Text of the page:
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NAVIGATION

Surfer / Swimmer’s Shoulder

Recreational and professional swimmers and surfers experience shoulder pain from time to time, and this condition is commonly referred to as swimmer’s shoulder, or sometimes surfer’s shoulder. The condition can also affect other athletes who participate in overhead throwing sports such as baseball or cricket. The typical symptoms are very similar to rotator cuff and impingement shoulder injuries.

A shoulder impingement refers to a group of conditions that cause pain when the shoulder muscles and tendons become irritated or inflamed as they rub or ‘impinge’ on the bones in the shoulder joint. It is a shoulder injury caused by overuse.

Shoulder pain during or after exercise

Swimmers and surfers are required to use freestyle and ‘front crawl’ strokes, and these repetitive actions can lead to over-activation of the pectoralis muscles and overdevelopment of the internal rotator cuff muscles (subscapularis) located within each ball and socket joint. The condition can affect the posterior rotator cuff muscles by causing bursitis ( inflammation of the fluid-filled sacs that cushion the shoulder joint).

The pectoralis muscles may become much tighter than normal, and repetitive stress may lead to irritation of the soft tissues found around the shoulder, causing pain. The posterior rotator cuff tendon (infraspinatus and teres minor) works to control the position of the humerus (upper arm bone) as it moves within the shoulder socket.

People with swimmer’s shoulder will have a reduced subacromial space, and the scapula (shoulder blade) will take a protracted abducted position (sticking out to the side). Left untreated, swelling will continue and subacromial space will continue to reduce. This is a debilitating condition, and without treatment individuals place themselves at risk of developing supraspinatus tendinosis, which is a condition where the tendon that stabilises the shoulder joint becomes frayed and worn.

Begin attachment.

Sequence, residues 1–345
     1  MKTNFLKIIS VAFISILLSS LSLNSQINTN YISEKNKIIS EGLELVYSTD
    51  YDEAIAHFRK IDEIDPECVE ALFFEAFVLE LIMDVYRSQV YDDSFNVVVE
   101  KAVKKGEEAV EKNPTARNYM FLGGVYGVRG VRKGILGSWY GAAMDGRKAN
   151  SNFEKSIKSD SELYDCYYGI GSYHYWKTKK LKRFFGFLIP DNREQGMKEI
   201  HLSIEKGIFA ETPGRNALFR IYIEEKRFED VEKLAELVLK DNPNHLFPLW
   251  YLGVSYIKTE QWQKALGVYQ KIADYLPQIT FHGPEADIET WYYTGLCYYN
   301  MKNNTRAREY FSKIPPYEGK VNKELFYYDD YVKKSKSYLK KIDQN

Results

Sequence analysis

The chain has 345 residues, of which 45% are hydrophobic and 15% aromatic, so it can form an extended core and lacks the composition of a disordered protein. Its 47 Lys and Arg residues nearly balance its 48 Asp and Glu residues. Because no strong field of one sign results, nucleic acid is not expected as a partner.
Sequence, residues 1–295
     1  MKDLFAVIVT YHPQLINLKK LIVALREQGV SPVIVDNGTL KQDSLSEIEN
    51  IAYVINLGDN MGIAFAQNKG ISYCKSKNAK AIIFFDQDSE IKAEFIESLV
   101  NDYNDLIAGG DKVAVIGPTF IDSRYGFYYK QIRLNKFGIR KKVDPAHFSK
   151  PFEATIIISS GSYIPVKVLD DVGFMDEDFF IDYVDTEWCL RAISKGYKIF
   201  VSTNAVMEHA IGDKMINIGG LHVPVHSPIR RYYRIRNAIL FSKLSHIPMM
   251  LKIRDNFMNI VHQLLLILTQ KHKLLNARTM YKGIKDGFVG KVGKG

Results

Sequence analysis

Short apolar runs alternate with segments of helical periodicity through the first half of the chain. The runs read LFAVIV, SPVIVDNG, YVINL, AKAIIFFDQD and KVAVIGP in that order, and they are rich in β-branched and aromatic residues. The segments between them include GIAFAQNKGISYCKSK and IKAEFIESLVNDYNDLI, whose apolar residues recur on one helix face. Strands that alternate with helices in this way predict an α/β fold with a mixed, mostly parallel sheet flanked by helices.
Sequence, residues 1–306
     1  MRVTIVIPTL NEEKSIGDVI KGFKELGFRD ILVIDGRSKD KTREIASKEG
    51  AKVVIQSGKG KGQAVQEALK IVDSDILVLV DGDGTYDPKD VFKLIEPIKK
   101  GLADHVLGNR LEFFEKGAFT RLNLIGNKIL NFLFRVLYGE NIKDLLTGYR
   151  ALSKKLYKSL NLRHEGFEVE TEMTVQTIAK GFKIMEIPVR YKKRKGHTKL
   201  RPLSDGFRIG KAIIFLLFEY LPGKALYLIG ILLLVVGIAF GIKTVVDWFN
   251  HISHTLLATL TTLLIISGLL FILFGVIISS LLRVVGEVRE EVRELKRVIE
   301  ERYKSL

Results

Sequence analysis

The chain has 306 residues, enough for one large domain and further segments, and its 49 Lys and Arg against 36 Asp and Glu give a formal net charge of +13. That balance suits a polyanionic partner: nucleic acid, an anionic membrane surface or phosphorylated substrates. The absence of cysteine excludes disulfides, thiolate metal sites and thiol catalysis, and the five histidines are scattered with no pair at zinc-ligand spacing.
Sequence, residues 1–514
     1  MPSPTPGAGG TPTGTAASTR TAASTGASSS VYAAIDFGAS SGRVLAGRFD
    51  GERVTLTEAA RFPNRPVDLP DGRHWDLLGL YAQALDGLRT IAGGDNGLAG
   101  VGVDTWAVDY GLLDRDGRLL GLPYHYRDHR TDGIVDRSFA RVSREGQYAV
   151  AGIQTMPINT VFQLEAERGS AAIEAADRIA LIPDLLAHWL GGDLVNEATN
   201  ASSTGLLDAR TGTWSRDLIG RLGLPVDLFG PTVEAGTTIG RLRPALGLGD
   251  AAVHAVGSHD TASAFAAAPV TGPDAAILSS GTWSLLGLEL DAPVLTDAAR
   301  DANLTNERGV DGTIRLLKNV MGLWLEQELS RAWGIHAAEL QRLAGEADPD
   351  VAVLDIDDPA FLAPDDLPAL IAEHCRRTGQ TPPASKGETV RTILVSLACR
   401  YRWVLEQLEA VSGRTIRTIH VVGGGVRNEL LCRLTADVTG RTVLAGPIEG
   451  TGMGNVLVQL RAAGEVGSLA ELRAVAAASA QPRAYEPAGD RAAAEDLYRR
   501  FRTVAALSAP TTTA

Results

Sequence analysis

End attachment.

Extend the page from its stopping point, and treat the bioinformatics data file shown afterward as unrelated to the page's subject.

Treatment for swimmer’s shoulder should focus on two key areas:

  • Resting from the activity that is causing pain
  • Mobilising and stretching the muscles and soft tissues around the shoulder

Diagnosing Swimmers/Surfers Shoulder

This is a straightforward condition which can be diagnosed through a physical examination. The first sign is the presence of anterior shoulder pain, which is most acute either during physical activity or immediately after a swimming or surfing session. The thoracic spine and cervical spine will also likely need to be checked to rule out other potential sources of shoulder pain. Thoracic spine mobility may be tight in people with swimmer’s shoulder, and this can lead to referred pain.

The condition can make it difficult to maintain an even freestyle stroke, with individuals instead displaying a wide, flattened stroke and lowered arm position. This is commonly referred to as the “dropped elbow” and can usually be seen when you first start swimming. In some cases, it may become more pronounced after you have warmed up and the scapula stabilizers start to suffer from fatigue.

During a physical examination, individuals may display bilateral abnormal scapula mispositioning which causes them to take on a round shouldered appearance. Impingement tests will be performed to confirm the diagnosis.

Treatment of Swimmers Shoulder

Treatment of swimmers/surfer’s shoulder at Sydney Shoulder Clinic is tailored to each individual, with the aim of addressing any muscle imbalance and improving shoulder strength and flexibility.

In the early stages, resistance band programs are typically used to assist with external rotation strengthening and helping to stabilize the scapular. This may then be followed by rotator cuff strengthening exercises weight machines that include free weights and stretching as advised by your physiotherapist.

Most individuals respond well to treatment, and within a few weeks you should be able to resume normal activity and gradually return to swimming as your rehabilitation progresses. Occasionally, subacromial corticosteroids used to supplement physical therapy.